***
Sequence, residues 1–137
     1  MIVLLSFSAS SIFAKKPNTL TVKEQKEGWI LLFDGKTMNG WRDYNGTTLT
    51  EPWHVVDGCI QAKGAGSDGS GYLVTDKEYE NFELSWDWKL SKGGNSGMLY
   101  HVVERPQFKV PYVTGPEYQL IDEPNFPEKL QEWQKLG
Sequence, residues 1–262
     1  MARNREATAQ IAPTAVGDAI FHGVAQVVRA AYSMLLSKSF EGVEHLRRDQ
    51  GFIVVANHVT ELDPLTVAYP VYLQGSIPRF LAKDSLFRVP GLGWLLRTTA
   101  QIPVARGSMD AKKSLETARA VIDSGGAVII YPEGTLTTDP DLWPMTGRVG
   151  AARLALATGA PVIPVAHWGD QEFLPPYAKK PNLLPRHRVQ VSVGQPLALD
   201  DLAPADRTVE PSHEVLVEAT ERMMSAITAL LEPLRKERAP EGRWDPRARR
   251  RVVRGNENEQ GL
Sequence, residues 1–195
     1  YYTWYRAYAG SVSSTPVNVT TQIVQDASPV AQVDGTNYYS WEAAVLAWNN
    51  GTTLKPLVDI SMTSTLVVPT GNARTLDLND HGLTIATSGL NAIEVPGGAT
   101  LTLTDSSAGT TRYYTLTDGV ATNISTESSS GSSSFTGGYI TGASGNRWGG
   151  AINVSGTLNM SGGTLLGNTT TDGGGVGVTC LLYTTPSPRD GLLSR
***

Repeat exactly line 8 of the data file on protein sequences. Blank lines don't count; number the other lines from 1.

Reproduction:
   101  QIPVARGSMD AKKSLETARA VIDSGGAVII YPEGTLTTDP DLWPMTGRVG